Supply chain. These two simple words are part of our vocabulary now more than ever. We’ve all had trouble finding certain products and cringe when we see “out of stock” or “backordered” on our favorite shopping website. Just as the supply chain dilemma has affected our daily lives, these difficulties have made their way into the foodservice design and equipment manufacturing community. The question we face is how do global supply chain issues impact commercial kitchen design?
We will focus on identifying some of the key obstacles our designers encounter and provide solutions to create a functional facility that minimizes the hardship associated with current supply chain issues while providing the flexibility to navigate the future.
Long Lead Times for Equipment
Equipment manufacturers are dealing with unprecedented disruption and stoppages in production caused by unavailable raw manufacturing components and labour shortages. Add into the equation shipping, rail, and trucking delays and it’s no surprise that there are long lead times for equipment. In fact, some are as long as 20 weeks from the time of order.
What can we do to minimize the disruption these delays can cause in the project without sacrificing its integrity? How can we combat the long lead times?
Think Offense Not Defense
Planning ahead and being prepared with creative and flexible design options relieves the stress of having to re-allocate, re-design, and re-specify because of supply chain disruptions. When we think offensively and have a Plan B and even C in our pocket from the beginning, costly and unfortunate project overruns are eliminated or at least minimized. The result is an innovative foodservice facility with design elements that accommodate global missteps along with current and future trends, viable long after the supply chain problem goes away, not a facility of compromised design caused by temporary supply issues.
Specify Equipment Early
Once the needs of the facility are understood and programming is underway, it’s not too early to think about equipment specification. How can multi-functional equipment be incorporated? Which equipment sources have inventory in stock or with shorter lead times? Can “alternates” be quoted that are readily available? It’s key to have an open line of communication with the equipment manufacturers as well as bidders to ensure accurate information is at your fingertips.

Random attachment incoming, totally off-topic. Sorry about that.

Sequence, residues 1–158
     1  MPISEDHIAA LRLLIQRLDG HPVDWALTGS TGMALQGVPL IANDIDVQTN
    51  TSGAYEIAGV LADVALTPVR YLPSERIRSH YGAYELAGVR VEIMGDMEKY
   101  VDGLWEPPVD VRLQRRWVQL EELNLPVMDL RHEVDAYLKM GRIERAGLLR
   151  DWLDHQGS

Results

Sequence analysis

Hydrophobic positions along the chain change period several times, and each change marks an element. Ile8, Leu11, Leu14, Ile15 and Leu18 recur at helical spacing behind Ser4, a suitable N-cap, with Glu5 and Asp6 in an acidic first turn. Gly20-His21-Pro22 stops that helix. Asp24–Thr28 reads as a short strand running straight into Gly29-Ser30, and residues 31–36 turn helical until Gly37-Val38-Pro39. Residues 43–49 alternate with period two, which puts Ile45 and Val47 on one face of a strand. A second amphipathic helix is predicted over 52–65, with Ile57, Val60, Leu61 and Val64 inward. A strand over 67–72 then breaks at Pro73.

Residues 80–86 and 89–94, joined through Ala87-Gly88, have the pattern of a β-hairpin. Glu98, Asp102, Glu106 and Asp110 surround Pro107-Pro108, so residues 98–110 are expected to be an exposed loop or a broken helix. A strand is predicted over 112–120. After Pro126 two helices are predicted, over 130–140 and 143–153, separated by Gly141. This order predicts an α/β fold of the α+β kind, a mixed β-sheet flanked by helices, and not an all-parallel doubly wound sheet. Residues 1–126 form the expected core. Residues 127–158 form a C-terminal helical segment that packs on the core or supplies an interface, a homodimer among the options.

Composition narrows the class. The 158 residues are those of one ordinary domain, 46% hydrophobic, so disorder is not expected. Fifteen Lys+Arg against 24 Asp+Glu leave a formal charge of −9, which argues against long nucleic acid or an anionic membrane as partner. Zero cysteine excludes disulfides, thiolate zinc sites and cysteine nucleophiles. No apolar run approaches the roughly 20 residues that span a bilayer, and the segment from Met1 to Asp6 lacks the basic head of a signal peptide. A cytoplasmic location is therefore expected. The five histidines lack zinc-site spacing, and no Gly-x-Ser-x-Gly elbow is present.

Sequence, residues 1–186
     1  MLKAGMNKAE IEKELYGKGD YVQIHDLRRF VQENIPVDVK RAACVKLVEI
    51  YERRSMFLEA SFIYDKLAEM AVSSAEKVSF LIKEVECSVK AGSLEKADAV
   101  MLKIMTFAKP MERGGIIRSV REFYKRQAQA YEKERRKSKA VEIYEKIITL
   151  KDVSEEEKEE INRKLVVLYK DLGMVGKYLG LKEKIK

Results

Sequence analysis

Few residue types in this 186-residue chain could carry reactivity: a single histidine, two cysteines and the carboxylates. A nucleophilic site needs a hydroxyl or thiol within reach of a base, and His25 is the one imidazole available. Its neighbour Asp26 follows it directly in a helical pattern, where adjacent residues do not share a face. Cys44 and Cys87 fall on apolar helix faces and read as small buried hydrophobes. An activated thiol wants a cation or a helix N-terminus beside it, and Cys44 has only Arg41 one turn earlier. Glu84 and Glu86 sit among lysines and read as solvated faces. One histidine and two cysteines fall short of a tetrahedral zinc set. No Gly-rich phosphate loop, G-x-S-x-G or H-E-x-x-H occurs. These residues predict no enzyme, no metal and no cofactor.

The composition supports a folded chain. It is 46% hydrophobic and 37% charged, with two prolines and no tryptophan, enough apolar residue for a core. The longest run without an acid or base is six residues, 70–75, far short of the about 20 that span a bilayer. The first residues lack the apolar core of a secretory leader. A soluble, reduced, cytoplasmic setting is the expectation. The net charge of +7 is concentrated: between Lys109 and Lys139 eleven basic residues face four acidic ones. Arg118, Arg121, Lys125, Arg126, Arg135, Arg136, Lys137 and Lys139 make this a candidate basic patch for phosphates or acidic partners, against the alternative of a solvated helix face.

Phase the Project
Another option is to phase the project so that some areas can be operational while you wait for backordered equipment to arrive and be installed in other areas. While not ideal, it allows for a “soft” opening to promote the establishment until the grand opening.
Food Costs and Supply Concerns
Difficulties with sourcing certain foods means that chefs and operators have become even more creative with doing more with less. Streamlining menus to offer flexibility in food offerings minimizes supply hardships. For example, instead of compromising on the taste or quality of the dish by using lesser cuts of meat, recreate your menu with new and different offerings utilizing cuts of meat that are more readily available and cost-effective.
We can all agree that food costs are on the rise. Inflation mixed with the supply chain conundrum has resulted in rising food costs on the operator’s side and increased menu prices for the customer. Researching and sourcing food that is locally grown eliminates unnecessary shipping costs. Purchasing in bulk well ahead of time or when items are available at a lower cost is a great solution to offset this problem but only if there is adequate space to store the food while preventing unnecessary spoilage with appropriate cold storage provisions.
Multi-functional equipment reduces the footprint of the cookline, allowing for more space to be allocated for other needs in the kitchen such as dry and cold storage, for example. Equipment like blast chillers and vacuum packaging (vac pac) machines are essential components to extend the shelf life of the food product without deteriorating or spoiling its quality.
Planning a roof or outdoor garden area, or even an indoor herb garden, will ease some of the food supply concerns while offering the extra benefit of creating a sustainable environment.
It’s Only Temporary
The supply chain hurdles of today, while costly in time and money to everyone involved, can be overcome with forethought and plain old-fashioned creativity on the part of the entire design team. By continually seeking innovative strategies to offset supply issues, the industry will weather this and future disruptions.
By: Stephanie Herrett, Project Manager – Toronto